Stephen Holden
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For 1,985 reviews, this critic has graded:
  • 50% higher than the average critic
  • 3% same as the average critic
  • 47% lower than the average critic
On average, this critic grades 1.4 points lower than other critics. (0-100 point scale)

Stephen Holden's Scores

  • Movies
  • TV
Average review score: 58
Highest review score: 100 Hedwig and the Angry Inch
Lowest review score: 0 Grown Ups
Score distribution:
1,985 movie reviews
    • 73 Metascore
    • 80 Stephen Holden
    As technically innovative as it is emotionally unsettling.
    • 71 Metascore
    • 80 Stephen Holden
    Exudes a throbbing flesh-and-blood intensity so compelling that it's impossible to avert your eyes.
    • 80 Metascore
    • 80 Stephen Holden
    Although the movie, adapted from a book by Doris Pilkington Garimara, pushes emotional buttons and simplifies its true story to give it the clean narrative sweep of an extended folk ballad, it never goes dramatically overboard.
    • 78 Metascore
    • 80 Stephen Holden
    For all its narrative glitches and its homemade quality, Thirteen evokes the rhythm, texture and tone of Nina's world in a way that a more carefully scripted film never could.
    • 66 Metascore
    • 80 Stephen Holden
    Even more amusing than "Super Size Me," the documentary that put Mr. Spurlock on the moviemaking map in 2004.
    • 75 Metascore
    • 80 Stephen Holden
    This is synergy of a high order.
    • 79 Metascore
    • 80 Stephen Holden
    Has the feel of a clinical case study elevated into a subject of aesthetic and philosophical discourse.
    • 83 Metascore
    • 80 Stephen Holden
    The Magdalene Sisters would be too painful to watch if it didn't have a silver lining. Suffice it to say that it is possible to fly over this religious cuckoo's nest and remain free. All it takes is courage and the timely kindness of strangers.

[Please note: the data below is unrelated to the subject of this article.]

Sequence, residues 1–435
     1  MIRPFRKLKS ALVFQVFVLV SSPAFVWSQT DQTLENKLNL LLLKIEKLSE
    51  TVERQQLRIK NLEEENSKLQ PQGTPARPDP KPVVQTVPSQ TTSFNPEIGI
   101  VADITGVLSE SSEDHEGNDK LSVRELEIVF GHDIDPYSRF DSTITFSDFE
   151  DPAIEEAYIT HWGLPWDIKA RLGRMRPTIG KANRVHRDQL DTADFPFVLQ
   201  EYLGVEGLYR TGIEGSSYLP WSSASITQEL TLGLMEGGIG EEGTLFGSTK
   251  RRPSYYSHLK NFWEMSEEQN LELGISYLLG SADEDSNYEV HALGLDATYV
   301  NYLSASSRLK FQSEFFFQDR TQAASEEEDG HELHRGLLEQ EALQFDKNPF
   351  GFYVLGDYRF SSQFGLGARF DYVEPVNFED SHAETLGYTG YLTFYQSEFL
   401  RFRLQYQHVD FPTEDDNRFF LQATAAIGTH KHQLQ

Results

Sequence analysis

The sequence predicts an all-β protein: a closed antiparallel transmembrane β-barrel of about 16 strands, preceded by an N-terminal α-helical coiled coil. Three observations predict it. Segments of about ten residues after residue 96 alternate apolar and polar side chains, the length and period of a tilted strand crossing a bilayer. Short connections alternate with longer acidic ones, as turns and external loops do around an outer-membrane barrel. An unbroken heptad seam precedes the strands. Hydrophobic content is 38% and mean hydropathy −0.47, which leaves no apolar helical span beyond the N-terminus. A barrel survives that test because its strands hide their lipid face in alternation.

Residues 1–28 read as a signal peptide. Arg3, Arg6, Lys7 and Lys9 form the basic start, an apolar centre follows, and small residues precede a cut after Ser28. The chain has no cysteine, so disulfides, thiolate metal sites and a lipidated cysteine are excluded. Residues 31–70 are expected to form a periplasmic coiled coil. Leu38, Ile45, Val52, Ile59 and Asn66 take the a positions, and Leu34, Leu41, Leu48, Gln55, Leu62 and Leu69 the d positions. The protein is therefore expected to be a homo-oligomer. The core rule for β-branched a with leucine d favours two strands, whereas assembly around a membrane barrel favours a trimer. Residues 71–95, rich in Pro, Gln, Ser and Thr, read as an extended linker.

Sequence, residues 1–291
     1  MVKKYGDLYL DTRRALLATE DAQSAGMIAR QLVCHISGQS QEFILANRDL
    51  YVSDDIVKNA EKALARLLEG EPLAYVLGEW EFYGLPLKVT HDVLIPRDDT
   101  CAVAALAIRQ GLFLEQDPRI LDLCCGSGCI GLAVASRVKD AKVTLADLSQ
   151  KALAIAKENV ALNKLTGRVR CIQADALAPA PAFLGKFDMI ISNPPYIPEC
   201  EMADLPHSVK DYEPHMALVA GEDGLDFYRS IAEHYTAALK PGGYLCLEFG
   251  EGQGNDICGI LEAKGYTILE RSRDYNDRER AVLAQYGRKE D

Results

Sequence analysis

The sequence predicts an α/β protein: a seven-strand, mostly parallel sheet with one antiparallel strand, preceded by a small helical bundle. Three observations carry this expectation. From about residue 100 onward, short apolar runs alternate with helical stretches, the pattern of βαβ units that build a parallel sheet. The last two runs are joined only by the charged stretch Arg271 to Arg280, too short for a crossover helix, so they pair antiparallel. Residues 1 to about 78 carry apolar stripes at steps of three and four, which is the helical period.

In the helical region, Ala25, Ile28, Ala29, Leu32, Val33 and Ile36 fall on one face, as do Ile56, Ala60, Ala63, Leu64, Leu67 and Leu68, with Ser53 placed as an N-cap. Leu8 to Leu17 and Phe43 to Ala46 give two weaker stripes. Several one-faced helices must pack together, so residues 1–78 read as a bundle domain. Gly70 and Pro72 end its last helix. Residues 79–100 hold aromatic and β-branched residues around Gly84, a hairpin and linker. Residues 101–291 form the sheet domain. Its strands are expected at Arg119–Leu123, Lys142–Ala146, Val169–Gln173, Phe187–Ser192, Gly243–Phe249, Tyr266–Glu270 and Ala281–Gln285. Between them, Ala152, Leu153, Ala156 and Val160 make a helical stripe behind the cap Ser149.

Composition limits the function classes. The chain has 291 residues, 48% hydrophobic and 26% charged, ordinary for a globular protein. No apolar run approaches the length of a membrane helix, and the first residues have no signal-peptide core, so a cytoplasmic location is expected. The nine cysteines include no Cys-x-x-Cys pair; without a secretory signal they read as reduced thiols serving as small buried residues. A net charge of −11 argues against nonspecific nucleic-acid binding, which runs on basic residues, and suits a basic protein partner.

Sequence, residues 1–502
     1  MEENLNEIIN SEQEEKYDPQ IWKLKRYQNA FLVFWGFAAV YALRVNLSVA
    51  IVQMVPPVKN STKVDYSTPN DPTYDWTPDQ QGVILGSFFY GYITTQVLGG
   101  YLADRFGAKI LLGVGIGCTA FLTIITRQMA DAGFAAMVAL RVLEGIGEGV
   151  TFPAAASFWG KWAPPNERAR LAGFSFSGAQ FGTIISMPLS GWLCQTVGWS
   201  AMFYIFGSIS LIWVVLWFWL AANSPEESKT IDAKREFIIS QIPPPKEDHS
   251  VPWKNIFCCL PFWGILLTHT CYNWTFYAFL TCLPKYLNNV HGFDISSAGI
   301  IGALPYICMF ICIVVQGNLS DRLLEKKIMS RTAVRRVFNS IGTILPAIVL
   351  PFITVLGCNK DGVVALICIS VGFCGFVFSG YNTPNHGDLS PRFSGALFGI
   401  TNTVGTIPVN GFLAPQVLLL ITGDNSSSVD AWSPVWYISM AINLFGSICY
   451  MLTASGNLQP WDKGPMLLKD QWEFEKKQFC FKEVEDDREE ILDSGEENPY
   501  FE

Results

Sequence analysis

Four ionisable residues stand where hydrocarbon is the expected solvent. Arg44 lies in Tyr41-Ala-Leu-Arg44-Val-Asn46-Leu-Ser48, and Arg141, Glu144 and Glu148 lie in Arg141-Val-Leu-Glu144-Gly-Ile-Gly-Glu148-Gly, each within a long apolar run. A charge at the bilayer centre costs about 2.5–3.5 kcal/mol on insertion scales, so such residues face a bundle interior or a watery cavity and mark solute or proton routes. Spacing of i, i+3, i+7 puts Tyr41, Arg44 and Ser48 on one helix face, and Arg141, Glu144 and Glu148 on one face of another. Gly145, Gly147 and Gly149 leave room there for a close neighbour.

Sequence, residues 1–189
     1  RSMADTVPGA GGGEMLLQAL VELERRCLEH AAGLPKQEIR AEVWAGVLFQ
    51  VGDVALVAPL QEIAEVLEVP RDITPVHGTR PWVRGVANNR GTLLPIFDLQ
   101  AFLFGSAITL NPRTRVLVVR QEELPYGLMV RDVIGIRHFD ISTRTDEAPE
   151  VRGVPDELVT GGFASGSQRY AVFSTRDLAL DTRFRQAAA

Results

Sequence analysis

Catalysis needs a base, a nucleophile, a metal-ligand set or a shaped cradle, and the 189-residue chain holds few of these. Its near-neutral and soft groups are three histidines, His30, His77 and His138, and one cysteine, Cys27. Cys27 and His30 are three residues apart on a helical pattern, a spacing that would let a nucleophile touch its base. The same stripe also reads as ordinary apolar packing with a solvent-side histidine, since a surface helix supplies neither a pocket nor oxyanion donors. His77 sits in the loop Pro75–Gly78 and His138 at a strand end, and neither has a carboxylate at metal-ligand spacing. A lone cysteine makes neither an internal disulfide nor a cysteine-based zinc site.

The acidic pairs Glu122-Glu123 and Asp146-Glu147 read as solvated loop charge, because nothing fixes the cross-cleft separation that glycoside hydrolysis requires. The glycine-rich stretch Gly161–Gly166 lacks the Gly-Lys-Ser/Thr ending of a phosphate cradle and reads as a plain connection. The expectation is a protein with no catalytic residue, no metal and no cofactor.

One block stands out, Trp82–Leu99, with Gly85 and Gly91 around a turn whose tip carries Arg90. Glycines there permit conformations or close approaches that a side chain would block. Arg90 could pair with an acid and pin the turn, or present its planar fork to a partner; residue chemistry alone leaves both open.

• 68 Metascore
    • 80 Stephen Holden
    With its intense chiaroscuro and meticulous manipulation of color that ranges from stark black and white to richer, shifting hues in scenes set in a metaphorical orchard, the film surpasses even Michael Haneke's "White Ribbon" in the fierce beauty and precision of its cinematography (by Martin Gschlacht).
    • 75 Metascore
    • 80 Stephen Holden
    Illustrates the underlying fear that when energies that should be directed toward warfare are diverted into passion, unity is impossible.
    • 56 Metascore
    • 80 Stephen Holden
    Despite holes in the storytelling, Ms. Swank and Ms. Rossum keep it real.
    • 74 Metascore
    • 80 Stephen Holden
    [A] small, likably sentimental film.
    • 64 Metascore
    • 80 Stephen Holden
    The entrancing visual imagery goes a long way toward filling in the screenplay's gaps in logic.
    • 71 Metascore
    • 80 Stephen Holden
    Remarkable for its seamless ensemble performances.
    • 67 Metascore
    • 80 Stephen Holden
    If Cremaster 3 is an innovative artwork that has been credited with breaking down the distance between sculpture and film, is it also a great movie? Probably yes.
    • 77 Metascore
    • 80 Stephen Holden
    Working within the confines of the teen-age genre film, Pump Up the Volume succeeds in sounding a surprising number of honest, heartfelt notes.